The preceding detailed description of various structural embodiments of the apparatus of this invention is presented to describe distinctly and point out particularly the nature and scope of the invention disclosed herein. Such explicit description is not intended to exclude from the purview of this invention those equivalent structural elements and modifications thereof that are obvious to one skilled in the art in view of the disclosure made here in, and the scope of the invention described herein is delineated by the following claims.

What I claimfis:

1. In apparatus for detecting nuclear resonant absorp tion of radiation passing through a material containing the absorbing nuclei, said apparatus having drive means comprising,

a housing,

a pair of magnetic means secured within the housing in spaced relation with each other,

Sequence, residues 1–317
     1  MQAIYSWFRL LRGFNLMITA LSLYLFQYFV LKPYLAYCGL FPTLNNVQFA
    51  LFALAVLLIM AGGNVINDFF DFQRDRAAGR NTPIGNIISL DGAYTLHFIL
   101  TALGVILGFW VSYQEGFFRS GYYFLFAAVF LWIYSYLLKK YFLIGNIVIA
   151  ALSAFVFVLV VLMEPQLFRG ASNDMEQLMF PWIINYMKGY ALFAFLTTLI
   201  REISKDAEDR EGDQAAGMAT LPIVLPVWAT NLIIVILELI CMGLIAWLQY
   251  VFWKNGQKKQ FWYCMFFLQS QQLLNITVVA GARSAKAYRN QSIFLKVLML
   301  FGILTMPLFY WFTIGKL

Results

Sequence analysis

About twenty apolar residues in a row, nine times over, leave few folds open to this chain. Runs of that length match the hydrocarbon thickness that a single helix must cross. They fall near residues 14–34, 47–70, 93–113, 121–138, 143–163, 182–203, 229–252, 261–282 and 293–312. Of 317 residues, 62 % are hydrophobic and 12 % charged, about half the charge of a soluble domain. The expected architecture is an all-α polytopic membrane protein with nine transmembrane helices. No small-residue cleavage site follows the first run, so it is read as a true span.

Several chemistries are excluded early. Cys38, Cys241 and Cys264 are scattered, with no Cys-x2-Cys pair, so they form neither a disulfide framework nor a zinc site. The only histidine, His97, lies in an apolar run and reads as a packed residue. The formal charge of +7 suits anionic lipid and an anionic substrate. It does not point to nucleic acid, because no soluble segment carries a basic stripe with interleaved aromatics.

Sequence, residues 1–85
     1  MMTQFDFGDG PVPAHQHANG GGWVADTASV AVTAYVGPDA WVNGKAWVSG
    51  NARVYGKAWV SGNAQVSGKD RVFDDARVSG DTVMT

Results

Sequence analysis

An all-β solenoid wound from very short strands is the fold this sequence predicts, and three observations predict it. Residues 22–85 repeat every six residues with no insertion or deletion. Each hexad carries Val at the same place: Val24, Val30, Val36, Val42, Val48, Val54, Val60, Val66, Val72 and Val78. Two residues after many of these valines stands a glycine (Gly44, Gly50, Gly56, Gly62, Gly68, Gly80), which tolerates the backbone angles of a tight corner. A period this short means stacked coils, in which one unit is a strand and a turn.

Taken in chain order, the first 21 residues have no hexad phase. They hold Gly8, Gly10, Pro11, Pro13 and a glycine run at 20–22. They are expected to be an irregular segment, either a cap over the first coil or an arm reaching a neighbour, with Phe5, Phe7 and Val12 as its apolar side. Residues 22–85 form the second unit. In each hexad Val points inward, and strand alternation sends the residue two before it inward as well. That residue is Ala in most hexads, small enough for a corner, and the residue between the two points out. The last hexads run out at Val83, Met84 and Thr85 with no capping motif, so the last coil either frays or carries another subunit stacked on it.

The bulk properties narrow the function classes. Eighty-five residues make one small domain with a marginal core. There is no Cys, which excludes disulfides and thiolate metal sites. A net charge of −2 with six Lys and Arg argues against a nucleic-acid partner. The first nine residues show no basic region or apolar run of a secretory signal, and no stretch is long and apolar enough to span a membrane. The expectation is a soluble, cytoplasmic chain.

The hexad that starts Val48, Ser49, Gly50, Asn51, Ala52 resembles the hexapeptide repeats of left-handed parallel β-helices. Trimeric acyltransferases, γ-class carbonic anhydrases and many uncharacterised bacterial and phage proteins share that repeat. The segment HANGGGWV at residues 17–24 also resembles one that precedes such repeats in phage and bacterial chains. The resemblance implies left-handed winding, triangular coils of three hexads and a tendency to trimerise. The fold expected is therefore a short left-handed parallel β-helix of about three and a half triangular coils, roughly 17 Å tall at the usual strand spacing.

the combination of the housing with the pair of spaced magnetic .means forming a chamber therebetween, each of the magnetic means having a radial air gap therein,

the housing and magnetic means having a passage extending longitudinally therethrough concentric with the radial air gaps,

and a pair of resilient metallic support members secured at opposite ends of the housing adjacent and spaced from the ends of the longitudinal passage, each of the resilient support members having a hole therethrough concentrically aligned with the passage, the improvement consisting of an electromechanical transducer comprising, an elongated metallic shaft extending through the passage with its ends slidably secured in the holes through the support members and with the shaft mounted in spaced relation to the surfaces of= the magnetic means and the surfaces ofthe housing,

metallic coil mounting means comprising a drive coil cup and a pickup coil cup integral with the shaft and spaced from each other within the chamber between the magnetic means, i